“Procedurally generated” is a hot-button word these days. The idea of randomly generated stages has become a big deal for genres like roguelikes and survival games, but what about a driving game? Sounds bizarre to have random generation fit into a genre where track memorization is so important, but in comes Happy Badger Games, who are releasing a unique exploration-focused driving game called SmuggleCraft. Happy Badger delivered a playable demo of Smugglecraft to Anime St. Louis 2015, and we got a chance to see why this little indie project has some big aspirations.
The demo presented at Anime St. Louis offered a few missions to check out. With Dualshock 4 controller in hand, I selected different missions from the main menu, though most of them were simply to reach the end of a track. Happy Badger promise chases and smuggling contraband in other missions, but hopefully the staples of simple races won’t be forgotten. Happy Badger also promise an in-depth story with multiple endings, and while the initial characters in the demo didn’t show much personality, I’m still eager to see how the world of SmuggleCraft comes together.
SmuggleCraft’s most notable feature is its randomly generated tracks, an ambitious endeavor. Racing games have always approached track design with a degree of seriousness; balancing a tight turn with different kinds of vehicles is not easy, and a single misplaced angle could mean a dysfunctional track. SmuggleCraft’s tracks are not nearly as planned, but that only makes their quality all the more shocking. I found myself dashing through caves and shooting into the air with ease. The environments felt simple, but versatile, fitting together easily without any jarring awkwardness between them. If individual track parts can fit together this well in a totally randomized setting, then consider me a believer.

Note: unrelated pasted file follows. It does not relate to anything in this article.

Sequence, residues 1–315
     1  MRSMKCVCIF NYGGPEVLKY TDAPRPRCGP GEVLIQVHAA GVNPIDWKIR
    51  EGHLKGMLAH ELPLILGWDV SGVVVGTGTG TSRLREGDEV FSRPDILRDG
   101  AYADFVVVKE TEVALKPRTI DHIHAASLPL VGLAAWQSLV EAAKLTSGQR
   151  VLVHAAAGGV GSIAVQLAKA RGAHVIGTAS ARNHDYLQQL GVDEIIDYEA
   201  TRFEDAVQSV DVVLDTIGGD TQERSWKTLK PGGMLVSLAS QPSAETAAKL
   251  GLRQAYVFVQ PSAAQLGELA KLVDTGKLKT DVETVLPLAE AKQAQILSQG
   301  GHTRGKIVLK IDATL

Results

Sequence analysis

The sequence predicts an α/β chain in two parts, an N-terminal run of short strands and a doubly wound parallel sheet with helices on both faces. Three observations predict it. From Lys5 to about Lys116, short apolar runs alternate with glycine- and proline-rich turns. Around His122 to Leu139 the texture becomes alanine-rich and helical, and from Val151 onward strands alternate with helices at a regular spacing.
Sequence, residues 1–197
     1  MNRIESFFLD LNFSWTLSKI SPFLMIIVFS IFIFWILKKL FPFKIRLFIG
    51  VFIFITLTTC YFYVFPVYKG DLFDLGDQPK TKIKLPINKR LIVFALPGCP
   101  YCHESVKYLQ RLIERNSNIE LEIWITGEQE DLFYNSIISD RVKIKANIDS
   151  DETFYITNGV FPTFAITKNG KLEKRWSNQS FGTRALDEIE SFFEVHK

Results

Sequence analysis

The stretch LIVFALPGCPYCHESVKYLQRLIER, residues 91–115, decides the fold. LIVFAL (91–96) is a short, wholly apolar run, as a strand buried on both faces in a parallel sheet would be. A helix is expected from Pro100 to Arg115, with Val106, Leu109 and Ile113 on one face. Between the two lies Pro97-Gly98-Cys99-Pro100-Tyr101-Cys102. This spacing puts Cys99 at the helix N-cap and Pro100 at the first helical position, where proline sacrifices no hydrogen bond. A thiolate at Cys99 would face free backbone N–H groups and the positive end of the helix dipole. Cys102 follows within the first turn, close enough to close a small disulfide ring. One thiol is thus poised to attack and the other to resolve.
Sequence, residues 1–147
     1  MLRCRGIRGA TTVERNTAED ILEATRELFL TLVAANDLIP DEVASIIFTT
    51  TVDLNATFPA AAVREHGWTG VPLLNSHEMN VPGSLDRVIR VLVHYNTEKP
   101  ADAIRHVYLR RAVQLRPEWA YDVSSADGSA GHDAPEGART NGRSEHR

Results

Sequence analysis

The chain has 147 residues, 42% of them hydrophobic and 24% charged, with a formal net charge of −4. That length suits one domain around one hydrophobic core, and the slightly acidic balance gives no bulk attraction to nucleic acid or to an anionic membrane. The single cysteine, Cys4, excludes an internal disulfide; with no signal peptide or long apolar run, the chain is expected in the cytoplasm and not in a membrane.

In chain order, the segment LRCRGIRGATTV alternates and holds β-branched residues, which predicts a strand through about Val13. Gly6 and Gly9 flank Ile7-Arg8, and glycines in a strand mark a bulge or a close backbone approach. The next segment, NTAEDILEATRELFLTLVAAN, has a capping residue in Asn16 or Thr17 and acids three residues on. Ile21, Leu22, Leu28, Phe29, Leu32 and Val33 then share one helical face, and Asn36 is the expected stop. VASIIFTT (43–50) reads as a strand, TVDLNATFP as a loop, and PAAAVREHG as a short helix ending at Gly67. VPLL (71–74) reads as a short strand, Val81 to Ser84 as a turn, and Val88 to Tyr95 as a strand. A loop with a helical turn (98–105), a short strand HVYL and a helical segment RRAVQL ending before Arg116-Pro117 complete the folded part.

Controlling your hovercraft feels right. You can accelerate, brake and turn without any trouble, but you also have some interesting new mechanics to use when exploring. Using the shoulder buttons, I was able to “strafe”, though it felt more like a drift, a la Mario Kart. This was good for tight turns, but not that functional for more nimble dodges. Fortunately, using the right analog stick, I could perform smaller sidesteps, much more like actual strafes. This gave me a ton of control over my ship; mixing between short, concise sidesteps to spiraling drifts around bends gave my hovercraft a tremendous amount of mobility. Even among randomized environments, I never felt like I couldn’t control my vehicle. However, I did notice a significant deceleration after using a boost powerup, which felt jarring. Overall, though, the controls in SmuggleCraft are stellar, offering all the floaty maneuvers you could need to explore.
The visual design in SmuggleCraft might look a little jagged and simplistic at first, but that simplicity makes the architecture easy to navigate. Exploring the crevices and passages on each stage offered an almost crystalline art design, with creative character designs in the menus. Frame rate on the single-player missions stayed at a solid 60fps throughout, while multiplayer races seemed to suffer from some slowdown compared. Audio got the job done, with rushing bursts of speed and sound effects. The soundtrack is promised to focus on 80’s synth pop from Bravendary, a solid choice to compliment the game’s style. SmuggleCraft takes some simple essentials and turns them into a stylized experience across a rocky planet.
There’s still a lot of promises on the way for SmuggleCraft, but its ambitions haven’t taken any effort away from the fundamentals of good controls and solid design. With branching stories, multiplayer modes and upgradeable hovercrafts, SmuggleCraft has a lot on its plate, but Happy Badger have nailed the simplest of algorithms right off the bat. Making the controls as loose and fluid as they are was smart to fit a procedurally generated world. SmuggleCraft is looking to be a nice little indie project for Steam and PSN, so if you’re interested in trying out a new kind of driving game with some big ideas in tow, Happy Badger’s newest could very well scratch that itch.
Smugglecraft is planned for release in Spring 2016 on Playstation 4, PC, Mac and Linux. A Vita version is currently being considered as well.